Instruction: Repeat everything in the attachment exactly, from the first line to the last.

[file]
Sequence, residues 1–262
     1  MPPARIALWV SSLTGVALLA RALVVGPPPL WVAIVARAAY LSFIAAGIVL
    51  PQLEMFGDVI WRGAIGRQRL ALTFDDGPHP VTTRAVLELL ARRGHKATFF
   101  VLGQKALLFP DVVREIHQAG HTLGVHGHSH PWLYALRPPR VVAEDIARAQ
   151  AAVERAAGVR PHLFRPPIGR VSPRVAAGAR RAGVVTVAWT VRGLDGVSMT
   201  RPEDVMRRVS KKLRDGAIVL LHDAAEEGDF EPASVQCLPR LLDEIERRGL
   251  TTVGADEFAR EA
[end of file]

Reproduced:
Sequence, residues 1–262
     1  MPPARIALWV SSLTGVALLA RALVVGPPPL WVAIVARAAY LSFIAAGIVL
    51  PQLEMFGDVI WRGAIGRQRL ALTFDDGPHP VTTRAVLELL ARRGHKATFF
   101  VLGQKALLFP DVVREIHQAG HTLGVHGHSH PWLYALRPPR VVAEDIARAQ
   151  AAVERAAGVR PHLFRPPIGR VSPRVAAGAR RAGVVTVAWT VRGLDGVSMT
   201  RPEDVMRRVS KKLRDGAIVL LHDAAEEGDF EPASVQCLPR LLDEIERRGL
   251  TTVGADEFAR EA